Political columnists Michael Gerson and EJ Dionne reflected on the polarization of politics Tuesday night at the Sanford School of Public Policy.

Gerson, a former speechwriter for President George W. Bush, and Dionne, a former political reporter for the Washington Post and the New York Times, discussed how the public and the political establishment in America have “sorted” themselves into increasingly exclusive ideological camps. The speakers noted that members of different political parties interact with and resemble each other less and less. The discussion also explored how social and political institutions have driven polarization and how those same institutions might heal the partisan divide.

“You have two parties where no one in those parties can see anyone in the other party that looks and thinks like they do,” Gerson said.

Dionne and Gerson emphasized the increasing polarization of political parties not only on ideological lines, but also along cultural and regional boundaries. They noted that this has led to heated debates over issues that were previously areas of agreement.

“Equality of opportunity is not a natural state. It is a social condition that is developed—consciously developed—through educational institutions, working communities and economic policies.” —Michael Gerson

“My concern with that is that it tends to turn every issue into a culture war debate, no matter what it is," Dionne said.

Both Dionne and Gerson generally agreed that the Republican Party is currently more ideologically uniform than the Democratic Party. Gerson noted, however, that the Democratic Party appears to be polarizing at a faster rate than the Republican Party.

He also explained that the growth of conservative movements outside the Republican Party has made it harder for moderates within the party. Gerson said that while there are members of the Republican Party that want to reform government, there is also a significant wing of the party which dismisses the role of government in society.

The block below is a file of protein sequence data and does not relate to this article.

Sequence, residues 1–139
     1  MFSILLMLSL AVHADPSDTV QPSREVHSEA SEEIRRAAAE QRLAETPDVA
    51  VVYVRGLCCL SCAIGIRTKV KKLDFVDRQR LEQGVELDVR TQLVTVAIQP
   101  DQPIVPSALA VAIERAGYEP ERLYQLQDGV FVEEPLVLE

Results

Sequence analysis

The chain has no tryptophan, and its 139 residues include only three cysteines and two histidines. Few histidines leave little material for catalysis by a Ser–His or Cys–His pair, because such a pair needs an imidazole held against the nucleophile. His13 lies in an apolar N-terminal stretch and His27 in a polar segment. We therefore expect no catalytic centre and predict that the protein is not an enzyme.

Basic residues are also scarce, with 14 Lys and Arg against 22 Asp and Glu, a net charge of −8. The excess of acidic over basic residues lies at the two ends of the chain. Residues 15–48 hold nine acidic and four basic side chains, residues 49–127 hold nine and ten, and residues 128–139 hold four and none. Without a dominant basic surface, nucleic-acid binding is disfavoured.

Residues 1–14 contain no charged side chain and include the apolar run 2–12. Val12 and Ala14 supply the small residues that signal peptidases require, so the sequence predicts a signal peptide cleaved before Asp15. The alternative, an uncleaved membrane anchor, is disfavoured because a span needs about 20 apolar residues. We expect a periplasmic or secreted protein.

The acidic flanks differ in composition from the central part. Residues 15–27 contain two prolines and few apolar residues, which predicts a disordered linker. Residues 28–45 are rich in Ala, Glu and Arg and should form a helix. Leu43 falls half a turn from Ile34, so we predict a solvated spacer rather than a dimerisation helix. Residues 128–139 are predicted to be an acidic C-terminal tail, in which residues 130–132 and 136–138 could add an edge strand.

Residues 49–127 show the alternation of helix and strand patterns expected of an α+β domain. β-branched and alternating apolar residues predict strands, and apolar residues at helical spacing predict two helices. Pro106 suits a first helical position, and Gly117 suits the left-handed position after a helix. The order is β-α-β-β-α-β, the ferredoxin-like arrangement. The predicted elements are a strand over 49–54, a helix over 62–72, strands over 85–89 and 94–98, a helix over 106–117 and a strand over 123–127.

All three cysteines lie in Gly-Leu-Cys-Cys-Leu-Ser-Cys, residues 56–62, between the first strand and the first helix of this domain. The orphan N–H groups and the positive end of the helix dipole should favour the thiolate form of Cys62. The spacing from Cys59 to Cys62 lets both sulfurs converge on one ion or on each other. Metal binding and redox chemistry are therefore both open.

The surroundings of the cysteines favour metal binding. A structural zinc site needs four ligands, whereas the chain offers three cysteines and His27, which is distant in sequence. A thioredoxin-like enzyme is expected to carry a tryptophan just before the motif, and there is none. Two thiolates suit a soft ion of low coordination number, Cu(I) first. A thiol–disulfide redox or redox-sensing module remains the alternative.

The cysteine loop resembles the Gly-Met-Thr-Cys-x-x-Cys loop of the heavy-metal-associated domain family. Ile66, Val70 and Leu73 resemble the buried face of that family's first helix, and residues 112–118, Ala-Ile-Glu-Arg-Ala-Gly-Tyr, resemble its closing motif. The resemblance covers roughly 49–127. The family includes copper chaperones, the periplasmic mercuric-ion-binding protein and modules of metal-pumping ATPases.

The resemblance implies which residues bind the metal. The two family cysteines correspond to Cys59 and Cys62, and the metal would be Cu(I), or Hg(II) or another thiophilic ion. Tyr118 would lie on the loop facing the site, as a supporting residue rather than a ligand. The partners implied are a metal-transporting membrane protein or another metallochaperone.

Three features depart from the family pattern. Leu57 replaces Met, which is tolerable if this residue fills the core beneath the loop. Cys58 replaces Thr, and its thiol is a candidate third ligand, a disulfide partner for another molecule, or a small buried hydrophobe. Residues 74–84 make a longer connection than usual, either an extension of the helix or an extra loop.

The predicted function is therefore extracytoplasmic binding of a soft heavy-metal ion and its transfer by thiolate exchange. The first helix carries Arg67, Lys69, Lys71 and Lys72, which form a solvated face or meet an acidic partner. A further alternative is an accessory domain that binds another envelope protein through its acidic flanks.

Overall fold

“We have the emergence of an ideological movement that has an apocalyptic tone, that America is very much on the verge of collapse,” Gerson said. “They have adopted an ideology—a rather lazy ideology—called ‘Constitutionalism’ which essentially rules out the New Deal and the Great Society and all the modern purposes of government. That’s a very simple ideological approach and it’s not an adequate one for modern government.”

Dionne noted that some Republicans have now started to focus on inequality, which may lead to more centrist policies from the party.

“We have started to focus on the costs of the long rise of inequality,” Dionne said. ”At least Republicans are now giving some lip service to these problems.”

Dionne and Gerson both said that Republicans who acknowledge the role of government in creating equal opportunity and Democrats who acknowledge the role of families in creating social stability stand the best chance of reducing political polarization.

“Equality of opportunity is not a natural state. It is a social condition that is developed—consciously developed—through educational institutions, working communities and economic policies,” Gerson said. “We’re not achieving that for maybe a third of the American workforce, who now don’t have the skills and human capital to compete in the modern economy. It’s a fundamental challenge to the definition of the American experiment.”